Blaen Blodau Hall, at New Inn, is undeniably beautiful. The Grade II listed property comes with around two-and-a-half acres of land - much of it rather enthusiastically cleared - accessed via a quiet lane and its own. long drive. Lovely.
Inside are (hopefully) three reception rooms, a sort-of kitchen, hall four bedrooms and a bathroom.
I say hopefully because most of Blaen Blodau is unviewable for safety reasons - the agent suggests standing in the front doorway is about as far as you'll get in terms of inspecting the house.
No matter. It's pretty clear the property is going to need rather more than a job-lot of Dulux and some reclaimed floorboards. Indeed, the view from said front door into the hall suggests that all the new wood is gamely holding up the old wood.
Here's the kitcheny bit, by the way. And below it the basement (very Evil Dead).
Wales Online said it's been empty for over 30 years, although little is known about the history of the property or, indeed, why it is now on the market.
According to Zoopla, it last sold in 1999, and the only image from that time shows the house looking quite dapper. But by 2008, it had been abandoned and Mark Baker, in 'Forgotten Homes in Wales' showed a disintegrating Blaen Blodau with a tree tumbling into its side.
In 2009, the empty property also attracted the attention of photographer Paul White who has been documenting Wales' loveliest abandoned mansions since 1989.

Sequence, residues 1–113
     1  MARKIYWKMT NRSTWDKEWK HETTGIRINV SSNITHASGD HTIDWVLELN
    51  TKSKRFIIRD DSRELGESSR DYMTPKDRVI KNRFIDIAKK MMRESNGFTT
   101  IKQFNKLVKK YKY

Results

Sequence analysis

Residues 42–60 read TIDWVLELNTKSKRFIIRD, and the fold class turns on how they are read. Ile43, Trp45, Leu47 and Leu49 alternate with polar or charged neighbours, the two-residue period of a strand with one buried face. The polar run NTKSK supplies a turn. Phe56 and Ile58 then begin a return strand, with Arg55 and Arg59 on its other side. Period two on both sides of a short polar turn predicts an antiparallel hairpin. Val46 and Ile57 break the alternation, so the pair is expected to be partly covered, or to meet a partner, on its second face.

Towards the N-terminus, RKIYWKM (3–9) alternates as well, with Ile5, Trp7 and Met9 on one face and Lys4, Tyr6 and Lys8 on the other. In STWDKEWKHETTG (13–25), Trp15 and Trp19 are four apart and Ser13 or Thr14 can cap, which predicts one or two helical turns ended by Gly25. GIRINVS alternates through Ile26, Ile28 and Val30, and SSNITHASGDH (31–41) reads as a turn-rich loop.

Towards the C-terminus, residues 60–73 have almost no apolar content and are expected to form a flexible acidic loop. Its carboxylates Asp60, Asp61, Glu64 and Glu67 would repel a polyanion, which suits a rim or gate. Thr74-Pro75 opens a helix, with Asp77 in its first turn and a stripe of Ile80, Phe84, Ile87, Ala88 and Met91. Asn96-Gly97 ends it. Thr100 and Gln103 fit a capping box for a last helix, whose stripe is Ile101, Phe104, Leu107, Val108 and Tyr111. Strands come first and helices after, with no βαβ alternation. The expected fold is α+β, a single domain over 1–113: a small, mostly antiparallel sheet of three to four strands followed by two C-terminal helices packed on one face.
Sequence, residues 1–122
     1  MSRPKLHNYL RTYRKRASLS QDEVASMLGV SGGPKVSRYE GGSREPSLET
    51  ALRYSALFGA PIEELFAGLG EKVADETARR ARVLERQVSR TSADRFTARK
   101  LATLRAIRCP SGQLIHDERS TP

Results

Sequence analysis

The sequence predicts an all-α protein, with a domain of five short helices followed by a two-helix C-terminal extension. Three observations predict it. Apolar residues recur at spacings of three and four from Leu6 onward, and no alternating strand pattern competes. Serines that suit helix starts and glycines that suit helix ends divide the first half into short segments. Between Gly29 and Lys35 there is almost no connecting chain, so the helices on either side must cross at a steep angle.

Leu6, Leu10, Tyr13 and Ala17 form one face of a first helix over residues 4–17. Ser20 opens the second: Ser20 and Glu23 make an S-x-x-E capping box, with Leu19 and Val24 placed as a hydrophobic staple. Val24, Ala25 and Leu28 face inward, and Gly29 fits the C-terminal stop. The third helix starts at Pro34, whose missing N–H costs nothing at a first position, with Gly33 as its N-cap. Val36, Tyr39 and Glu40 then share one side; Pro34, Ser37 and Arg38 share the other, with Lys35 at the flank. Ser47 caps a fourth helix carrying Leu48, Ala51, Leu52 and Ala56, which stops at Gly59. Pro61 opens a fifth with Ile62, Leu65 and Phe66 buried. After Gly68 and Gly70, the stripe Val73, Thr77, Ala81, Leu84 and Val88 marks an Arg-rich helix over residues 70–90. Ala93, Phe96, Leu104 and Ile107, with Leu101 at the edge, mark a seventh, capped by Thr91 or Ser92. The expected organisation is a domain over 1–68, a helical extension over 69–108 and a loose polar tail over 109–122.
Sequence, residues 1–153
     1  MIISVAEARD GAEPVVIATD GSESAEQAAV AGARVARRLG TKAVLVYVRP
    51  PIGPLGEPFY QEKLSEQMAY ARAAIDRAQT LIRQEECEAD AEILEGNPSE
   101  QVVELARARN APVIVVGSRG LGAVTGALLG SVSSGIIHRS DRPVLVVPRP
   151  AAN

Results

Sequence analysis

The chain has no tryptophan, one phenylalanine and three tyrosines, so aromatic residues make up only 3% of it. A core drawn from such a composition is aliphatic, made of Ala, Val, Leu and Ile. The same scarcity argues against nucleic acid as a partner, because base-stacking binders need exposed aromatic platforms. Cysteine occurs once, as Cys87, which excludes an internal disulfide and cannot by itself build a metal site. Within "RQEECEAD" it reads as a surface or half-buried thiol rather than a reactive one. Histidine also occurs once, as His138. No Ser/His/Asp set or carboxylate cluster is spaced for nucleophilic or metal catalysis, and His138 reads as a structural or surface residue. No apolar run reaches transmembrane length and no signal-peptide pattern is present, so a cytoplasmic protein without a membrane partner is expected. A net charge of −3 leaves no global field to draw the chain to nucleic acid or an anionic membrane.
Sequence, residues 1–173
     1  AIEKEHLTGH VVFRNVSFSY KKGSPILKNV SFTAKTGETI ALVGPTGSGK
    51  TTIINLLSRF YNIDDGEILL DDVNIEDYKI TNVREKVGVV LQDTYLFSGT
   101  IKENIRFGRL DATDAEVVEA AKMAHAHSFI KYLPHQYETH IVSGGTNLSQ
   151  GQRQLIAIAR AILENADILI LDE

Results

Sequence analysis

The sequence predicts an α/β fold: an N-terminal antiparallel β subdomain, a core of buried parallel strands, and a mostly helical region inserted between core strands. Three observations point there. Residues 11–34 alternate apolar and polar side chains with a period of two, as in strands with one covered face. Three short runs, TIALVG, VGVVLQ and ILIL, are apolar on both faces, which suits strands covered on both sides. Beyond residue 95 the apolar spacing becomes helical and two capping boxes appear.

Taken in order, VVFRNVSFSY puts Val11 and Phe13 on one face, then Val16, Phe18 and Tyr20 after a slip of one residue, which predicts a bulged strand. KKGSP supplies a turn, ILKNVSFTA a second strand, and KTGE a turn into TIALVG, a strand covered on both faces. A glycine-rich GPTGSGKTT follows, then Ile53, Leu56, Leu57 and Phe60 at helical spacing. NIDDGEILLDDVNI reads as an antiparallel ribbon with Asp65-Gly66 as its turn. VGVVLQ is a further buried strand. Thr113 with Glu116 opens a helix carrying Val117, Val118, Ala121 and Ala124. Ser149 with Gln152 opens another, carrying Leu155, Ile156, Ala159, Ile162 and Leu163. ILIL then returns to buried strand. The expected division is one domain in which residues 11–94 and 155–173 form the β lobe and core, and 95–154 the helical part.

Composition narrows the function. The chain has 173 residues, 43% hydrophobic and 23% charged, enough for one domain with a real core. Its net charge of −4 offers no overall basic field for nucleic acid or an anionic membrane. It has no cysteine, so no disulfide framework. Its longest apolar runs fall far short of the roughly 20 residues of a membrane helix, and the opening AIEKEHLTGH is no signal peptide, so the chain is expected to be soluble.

His blog - www.welshruins.co.uk - is a joy and his pictures of Blaen Blodau, from 2009, show a beautiful, stately building surrounded by trees. Paul writes:
An air of calmness enveloped the house and grounds and one could imagine once some of the high branches were thinned and more light could enter the house and grounds that this would be a wonderful place to live.
Agents John Francis may have got rather too carried away with the tree "thinning" but that calmness is there even in the 2019 pictures of this lovely house.
The property had originally been linked to Blaen Blodau farm - nearby and a working farm run by the Jones family - and there had been (is still?) a coach house.
However, I digress. What you need to know is that the house and it's land are up for auction next week through John Francis with a guide price of £40-£50k (expect to pay triple that). Deep pockets and a lot of heart will get you a quite stunning-looking home in the middle of a very pretty bit of Carmarthenshire. Details here and here.